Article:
To present a CD of Mozart arias, in the currently highly competitive recording context, means an absolute risk-taking. Hence it is all the more considerable as the French coloratura Géraldine Casey exceeds expectations.
Casey is in the lineage of the best on the subject (performance, professionalism), comparable to an Arleen Augér, but with a certainly more dramatic element in the voice. Every sound is full, assured (even at the Queen of the Night), and she knows how to bring to each aria its particular atmosphere.
Expressiveness and emotion are completely contrasted in the eight extracts of this CD, from "La Finta Giardiniera" to "Lucio Silla", from "Zaïde" to the "Schauspieldirektor", up to both Konstanze's grand arias and the 1st aria of the Queen of the Night. A more than ambitious program, but Casey always knows how to convince - much more than certain current "big names".
Up to Mlle Silberklang's fine irony, which could possibly be discussed, the level is at the highest. Mady Mesplé, Reri Grist, Edita Gruberová : musically, Casey leaves all of the ladies quoted behind her. In the Concert Aria "Nehmt meinen Dank" KV.383, she is even absolutely equal to the great Lucia Popp, bringing even more (reasonable) ornamentations than her renowned predecessor. Only occasionally does the German pronounciation of the singer seem to meet some insignificant difficulties - a problem which is regrettably more and more encountered in German opera.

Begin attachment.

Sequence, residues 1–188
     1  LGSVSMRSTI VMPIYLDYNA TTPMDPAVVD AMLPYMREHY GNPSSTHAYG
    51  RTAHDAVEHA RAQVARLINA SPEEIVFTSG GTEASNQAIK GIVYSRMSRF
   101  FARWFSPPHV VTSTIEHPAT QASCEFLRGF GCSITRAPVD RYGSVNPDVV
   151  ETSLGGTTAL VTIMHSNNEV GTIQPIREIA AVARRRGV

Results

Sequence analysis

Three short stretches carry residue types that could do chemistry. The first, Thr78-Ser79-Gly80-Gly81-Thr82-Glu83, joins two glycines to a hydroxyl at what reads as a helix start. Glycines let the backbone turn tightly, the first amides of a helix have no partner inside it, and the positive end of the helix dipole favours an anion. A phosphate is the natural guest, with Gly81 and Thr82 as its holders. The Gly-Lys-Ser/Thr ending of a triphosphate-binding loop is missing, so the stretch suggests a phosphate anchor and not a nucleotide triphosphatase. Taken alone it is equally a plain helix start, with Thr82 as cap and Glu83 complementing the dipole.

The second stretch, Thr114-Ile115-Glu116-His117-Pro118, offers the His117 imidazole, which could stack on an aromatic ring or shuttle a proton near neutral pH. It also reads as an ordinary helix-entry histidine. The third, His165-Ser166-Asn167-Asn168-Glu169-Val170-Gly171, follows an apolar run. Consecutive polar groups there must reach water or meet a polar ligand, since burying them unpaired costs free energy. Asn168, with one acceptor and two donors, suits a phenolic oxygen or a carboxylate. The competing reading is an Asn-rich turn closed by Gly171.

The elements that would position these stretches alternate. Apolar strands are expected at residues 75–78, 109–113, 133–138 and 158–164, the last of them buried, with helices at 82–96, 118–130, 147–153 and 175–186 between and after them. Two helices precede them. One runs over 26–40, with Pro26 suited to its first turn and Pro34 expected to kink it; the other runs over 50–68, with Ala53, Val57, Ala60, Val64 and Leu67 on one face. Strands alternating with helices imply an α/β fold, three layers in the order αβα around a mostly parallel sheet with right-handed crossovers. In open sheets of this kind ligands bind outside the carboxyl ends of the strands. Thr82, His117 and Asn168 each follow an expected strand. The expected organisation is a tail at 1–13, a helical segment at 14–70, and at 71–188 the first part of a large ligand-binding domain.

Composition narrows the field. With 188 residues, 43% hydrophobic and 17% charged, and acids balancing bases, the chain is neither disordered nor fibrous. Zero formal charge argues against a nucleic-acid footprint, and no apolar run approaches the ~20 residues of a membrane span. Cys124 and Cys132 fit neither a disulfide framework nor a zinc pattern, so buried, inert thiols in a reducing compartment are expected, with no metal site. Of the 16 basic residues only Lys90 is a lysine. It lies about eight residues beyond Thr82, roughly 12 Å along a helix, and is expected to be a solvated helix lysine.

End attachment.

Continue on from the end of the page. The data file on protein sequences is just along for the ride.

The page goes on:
The South West Philharmonic Orchestra of Constance, in service since 1932 and which we have had little opportunity to hear up till now, delivers a remarkable execution. Regrettably, its permanent conductor Vassilis Christopoulos, born in 1975 in Munich, lacks experience and a new reading of Mozart (very covered rubati in the "Martern" aria, certain phrasings and conclusions which are not in custom anymore).
Not that his interpretations are divested of inspiration or strength - the Openings of the "Schauspieldirektor" and "La Finta Giardiniera" really equal the best recordings of the 80s, and his Marche of the Priests from the "Zauberflöte" distinguishes itself pleasantly by not uncalled-for tempi. But Christopoulos is still young and so we gladly forgive him smaller clumsinesses. It will be good to hear in the future this young conductor leave behind him certain "old devils" of energy and charm